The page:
The floats of the second section told the story of the fight for woman’s suffrage from 1840 to the present day. Women in 1840, as represented on the float, were very humble, and the three or four men representing “male supremacy” seemed rather ashamed of themselves. There was a great contrast in the float called “Today.” This carried a number of good-looking girls in college gowns, under the leadership of Miss Hazel Roberts. On this float there were no men. In the second section there was a troop of women cavalry from Baltimore.
A man led the horse of the herald of the third section. Women in various callings of life were portrayed. There were the women farmers, sturdy looking country lasses. The float bearing the sign “in the Home” showed what serious work housekeeping is. Another float showed women “In Patriotic Service,” and another “In Education.” There were floats for all the occupations in which women are active. Behind each float marched delegations of women.
The clergy was represented by six sedate, rather elderly women in black gowns, and following came marching in the educational division thirty-two colored women from the Howard University, Washington, in gowns and caps. In the workers’ division two women held a banner which said, “We want to protect our children.” Then came a float representing the interior of a sweatshop. The business women marched 400 strong in blue. The writers’ delegation followed. They wore white gowns. Artists were in pink, and musicians in red. There were women lawyers and women physicians and actresses in line, including some of the most prominent in their professions.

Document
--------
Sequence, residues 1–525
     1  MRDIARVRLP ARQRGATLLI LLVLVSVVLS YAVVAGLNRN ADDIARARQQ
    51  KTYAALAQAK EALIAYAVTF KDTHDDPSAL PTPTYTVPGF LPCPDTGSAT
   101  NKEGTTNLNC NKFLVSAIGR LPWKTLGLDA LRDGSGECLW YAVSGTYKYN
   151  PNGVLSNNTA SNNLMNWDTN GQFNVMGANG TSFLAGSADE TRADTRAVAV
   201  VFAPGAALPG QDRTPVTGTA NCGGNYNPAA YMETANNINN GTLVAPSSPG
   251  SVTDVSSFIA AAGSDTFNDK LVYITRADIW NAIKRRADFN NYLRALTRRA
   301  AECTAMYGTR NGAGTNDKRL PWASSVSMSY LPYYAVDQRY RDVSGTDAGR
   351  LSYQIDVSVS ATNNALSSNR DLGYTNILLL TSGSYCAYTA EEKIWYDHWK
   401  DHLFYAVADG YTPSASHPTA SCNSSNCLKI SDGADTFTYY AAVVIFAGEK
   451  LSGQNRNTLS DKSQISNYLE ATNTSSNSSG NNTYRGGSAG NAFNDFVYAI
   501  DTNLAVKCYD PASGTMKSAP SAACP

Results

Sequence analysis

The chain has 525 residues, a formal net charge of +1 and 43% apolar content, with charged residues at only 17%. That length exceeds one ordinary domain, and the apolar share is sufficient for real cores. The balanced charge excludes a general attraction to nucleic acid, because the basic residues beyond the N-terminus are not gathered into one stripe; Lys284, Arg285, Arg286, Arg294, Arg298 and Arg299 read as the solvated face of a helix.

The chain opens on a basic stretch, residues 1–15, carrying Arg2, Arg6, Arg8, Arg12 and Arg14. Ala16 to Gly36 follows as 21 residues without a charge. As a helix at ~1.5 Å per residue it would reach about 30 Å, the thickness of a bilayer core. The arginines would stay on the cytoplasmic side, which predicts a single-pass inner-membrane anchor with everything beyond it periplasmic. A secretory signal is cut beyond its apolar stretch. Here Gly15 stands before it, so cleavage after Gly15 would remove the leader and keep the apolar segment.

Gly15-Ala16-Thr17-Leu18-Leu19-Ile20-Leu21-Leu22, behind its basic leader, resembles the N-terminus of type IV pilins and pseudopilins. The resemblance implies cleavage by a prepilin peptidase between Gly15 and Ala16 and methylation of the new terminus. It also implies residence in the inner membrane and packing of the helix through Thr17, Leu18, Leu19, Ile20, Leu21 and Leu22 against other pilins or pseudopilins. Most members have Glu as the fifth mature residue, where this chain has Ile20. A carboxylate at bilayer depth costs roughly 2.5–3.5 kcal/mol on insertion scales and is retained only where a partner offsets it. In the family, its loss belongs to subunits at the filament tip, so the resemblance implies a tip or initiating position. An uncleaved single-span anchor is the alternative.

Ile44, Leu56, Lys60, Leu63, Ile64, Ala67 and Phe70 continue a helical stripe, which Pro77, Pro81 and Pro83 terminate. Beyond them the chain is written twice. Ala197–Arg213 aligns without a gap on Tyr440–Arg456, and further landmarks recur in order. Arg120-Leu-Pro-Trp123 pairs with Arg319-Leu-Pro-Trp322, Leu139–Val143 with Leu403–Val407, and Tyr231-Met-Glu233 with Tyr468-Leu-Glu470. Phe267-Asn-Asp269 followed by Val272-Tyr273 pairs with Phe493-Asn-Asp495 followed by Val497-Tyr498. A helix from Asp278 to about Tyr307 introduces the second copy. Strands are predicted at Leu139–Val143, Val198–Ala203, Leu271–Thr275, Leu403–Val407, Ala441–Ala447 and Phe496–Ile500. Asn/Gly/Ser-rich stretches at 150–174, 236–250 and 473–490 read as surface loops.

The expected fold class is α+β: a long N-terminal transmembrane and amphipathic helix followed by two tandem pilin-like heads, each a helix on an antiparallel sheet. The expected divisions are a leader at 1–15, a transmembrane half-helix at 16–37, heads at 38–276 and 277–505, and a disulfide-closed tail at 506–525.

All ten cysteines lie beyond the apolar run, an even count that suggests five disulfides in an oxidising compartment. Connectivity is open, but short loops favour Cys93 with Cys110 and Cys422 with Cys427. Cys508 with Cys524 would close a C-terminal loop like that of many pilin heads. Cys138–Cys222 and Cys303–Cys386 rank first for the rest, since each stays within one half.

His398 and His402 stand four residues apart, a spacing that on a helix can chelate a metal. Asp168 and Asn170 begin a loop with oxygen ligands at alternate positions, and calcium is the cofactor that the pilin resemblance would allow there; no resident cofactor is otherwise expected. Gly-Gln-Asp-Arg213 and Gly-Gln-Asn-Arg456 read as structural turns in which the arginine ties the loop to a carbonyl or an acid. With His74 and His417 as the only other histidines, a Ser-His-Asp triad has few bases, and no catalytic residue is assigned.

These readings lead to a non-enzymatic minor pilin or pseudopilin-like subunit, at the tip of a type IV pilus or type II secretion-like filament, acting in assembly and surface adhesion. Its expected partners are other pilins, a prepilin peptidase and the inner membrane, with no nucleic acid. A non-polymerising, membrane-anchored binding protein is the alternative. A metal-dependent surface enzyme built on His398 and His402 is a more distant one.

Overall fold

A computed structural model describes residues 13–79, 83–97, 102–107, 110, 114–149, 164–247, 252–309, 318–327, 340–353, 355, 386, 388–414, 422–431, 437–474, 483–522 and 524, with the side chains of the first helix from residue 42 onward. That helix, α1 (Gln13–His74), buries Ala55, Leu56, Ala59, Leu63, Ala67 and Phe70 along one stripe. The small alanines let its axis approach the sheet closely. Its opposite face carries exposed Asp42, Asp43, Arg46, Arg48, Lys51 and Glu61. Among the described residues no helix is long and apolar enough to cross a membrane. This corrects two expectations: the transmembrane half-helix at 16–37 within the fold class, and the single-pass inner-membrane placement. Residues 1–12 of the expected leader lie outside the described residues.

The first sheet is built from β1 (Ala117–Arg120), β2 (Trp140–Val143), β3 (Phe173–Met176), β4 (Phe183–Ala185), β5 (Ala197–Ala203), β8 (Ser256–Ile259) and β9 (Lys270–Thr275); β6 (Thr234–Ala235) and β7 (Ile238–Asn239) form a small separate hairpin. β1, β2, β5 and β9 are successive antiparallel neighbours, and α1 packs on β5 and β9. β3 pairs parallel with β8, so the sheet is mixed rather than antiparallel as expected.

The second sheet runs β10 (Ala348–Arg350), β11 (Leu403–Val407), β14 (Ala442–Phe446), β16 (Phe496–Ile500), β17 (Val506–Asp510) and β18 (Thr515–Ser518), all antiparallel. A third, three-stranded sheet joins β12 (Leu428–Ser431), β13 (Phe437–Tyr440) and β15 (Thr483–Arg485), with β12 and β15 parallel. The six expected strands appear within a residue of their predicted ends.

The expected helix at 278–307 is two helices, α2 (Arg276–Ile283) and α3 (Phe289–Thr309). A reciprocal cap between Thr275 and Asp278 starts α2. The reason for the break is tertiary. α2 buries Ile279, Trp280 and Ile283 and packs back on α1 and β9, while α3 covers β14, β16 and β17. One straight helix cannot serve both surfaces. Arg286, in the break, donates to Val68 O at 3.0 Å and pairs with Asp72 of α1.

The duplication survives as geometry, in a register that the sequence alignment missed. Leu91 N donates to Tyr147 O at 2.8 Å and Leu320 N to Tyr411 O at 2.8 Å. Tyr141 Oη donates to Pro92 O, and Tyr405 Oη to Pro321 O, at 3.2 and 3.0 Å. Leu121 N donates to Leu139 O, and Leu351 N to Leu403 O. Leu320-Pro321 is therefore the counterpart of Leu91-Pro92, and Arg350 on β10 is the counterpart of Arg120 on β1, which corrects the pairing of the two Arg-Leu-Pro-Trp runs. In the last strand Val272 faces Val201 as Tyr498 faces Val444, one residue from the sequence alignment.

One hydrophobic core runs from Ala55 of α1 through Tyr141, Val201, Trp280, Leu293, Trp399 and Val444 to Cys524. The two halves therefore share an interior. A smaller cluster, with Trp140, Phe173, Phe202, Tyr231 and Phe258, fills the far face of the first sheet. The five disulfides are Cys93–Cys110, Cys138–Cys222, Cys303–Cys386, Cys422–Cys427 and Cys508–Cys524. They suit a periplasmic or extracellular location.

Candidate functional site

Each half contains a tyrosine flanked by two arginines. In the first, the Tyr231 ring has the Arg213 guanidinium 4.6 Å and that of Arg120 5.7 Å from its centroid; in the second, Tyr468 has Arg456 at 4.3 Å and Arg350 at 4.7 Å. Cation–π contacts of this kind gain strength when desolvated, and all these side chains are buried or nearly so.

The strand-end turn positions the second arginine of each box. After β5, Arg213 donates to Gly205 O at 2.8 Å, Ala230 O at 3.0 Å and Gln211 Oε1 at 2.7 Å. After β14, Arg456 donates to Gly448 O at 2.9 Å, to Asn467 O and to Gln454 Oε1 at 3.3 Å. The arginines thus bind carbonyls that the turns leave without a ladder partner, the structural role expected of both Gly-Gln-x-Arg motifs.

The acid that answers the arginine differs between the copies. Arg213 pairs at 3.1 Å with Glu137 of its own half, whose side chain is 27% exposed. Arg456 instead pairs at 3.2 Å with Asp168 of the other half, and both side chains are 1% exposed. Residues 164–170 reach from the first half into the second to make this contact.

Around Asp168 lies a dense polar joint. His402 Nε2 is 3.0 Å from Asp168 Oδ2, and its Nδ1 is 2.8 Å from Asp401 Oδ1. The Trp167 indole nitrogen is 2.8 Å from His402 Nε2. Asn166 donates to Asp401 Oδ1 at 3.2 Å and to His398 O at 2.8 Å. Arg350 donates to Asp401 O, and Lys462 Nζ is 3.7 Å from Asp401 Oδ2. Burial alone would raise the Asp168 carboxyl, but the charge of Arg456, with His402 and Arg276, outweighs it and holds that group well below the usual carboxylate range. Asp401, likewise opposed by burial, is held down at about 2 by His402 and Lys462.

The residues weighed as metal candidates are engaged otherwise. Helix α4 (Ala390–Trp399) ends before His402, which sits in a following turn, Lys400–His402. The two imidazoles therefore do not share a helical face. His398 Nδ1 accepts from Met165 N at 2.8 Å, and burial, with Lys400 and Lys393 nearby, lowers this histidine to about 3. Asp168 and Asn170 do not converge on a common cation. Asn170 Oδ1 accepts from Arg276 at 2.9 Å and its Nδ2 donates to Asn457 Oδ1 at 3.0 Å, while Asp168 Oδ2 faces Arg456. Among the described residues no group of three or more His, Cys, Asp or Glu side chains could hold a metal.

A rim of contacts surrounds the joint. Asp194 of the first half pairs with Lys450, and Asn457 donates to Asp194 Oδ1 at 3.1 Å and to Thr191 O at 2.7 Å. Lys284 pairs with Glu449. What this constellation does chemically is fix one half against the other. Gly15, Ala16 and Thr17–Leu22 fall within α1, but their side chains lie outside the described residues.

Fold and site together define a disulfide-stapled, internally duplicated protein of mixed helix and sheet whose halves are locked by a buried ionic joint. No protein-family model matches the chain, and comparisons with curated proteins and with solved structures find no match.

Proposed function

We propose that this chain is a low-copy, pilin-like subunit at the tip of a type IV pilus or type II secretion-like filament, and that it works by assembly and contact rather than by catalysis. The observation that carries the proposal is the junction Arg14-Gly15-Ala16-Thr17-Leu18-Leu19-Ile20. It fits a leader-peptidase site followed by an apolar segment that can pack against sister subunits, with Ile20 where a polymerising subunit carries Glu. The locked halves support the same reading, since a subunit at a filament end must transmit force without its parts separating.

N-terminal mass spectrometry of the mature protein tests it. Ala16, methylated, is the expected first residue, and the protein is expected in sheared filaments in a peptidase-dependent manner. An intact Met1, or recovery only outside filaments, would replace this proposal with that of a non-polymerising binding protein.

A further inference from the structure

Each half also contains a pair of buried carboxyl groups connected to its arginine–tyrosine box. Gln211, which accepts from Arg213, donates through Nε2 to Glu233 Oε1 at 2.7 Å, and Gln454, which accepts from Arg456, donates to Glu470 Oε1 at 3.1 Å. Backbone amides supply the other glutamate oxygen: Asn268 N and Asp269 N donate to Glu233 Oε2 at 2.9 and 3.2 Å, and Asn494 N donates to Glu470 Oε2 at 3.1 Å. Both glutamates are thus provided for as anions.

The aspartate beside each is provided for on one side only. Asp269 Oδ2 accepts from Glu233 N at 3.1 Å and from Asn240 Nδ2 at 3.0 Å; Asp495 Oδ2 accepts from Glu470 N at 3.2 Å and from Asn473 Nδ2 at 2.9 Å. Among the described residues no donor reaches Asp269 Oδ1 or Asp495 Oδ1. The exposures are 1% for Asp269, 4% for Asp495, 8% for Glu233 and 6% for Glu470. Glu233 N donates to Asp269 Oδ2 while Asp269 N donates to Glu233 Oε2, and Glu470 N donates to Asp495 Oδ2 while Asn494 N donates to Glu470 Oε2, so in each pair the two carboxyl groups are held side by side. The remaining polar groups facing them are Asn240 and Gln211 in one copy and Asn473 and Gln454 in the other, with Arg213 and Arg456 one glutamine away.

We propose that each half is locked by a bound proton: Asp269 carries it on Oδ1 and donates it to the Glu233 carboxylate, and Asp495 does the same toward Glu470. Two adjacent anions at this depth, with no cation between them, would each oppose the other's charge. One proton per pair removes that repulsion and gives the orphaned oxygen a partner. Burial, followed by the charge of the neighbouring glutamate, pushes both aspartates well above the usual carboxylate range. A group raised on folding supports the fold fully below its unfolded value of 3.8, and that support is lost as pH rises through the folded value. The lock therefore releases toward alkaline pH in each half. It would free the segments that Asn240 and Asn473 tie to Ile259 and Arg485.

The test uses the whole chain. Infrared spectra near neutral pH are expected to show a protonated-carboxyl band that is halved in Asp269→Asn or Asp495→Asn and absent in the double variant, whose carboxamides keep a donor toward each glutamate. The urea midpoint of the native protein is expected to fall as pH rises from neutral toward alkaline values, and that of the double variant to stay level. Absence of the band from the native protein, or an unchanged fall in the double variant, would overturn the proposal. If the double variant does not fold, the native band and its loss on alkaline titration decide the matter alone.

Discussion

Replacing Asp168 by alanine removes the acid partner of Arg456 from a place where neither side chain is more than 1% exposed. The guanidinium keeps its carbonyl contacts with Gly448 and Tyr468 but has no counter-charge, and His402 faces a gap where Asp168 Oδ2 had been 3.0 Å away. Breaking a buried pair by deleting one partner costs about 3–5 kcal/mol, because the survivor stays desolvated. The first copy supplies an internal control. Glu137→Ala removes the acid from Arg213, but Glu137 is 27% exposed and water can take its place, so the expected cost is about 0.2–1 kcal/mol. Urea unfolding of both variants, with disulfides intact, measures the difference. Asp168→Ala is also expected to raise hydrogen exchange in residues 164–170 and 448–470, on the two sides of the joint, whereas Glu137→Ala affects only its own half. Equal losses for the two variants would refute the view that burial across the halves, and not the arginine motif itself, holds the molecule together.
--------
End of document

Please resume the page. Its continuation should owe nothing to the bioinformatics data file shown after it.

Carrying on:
Women in the Government service led the fourth section, and in this section were teachers, social workers, and librarians. Women of the same occupation wore gowns of like color.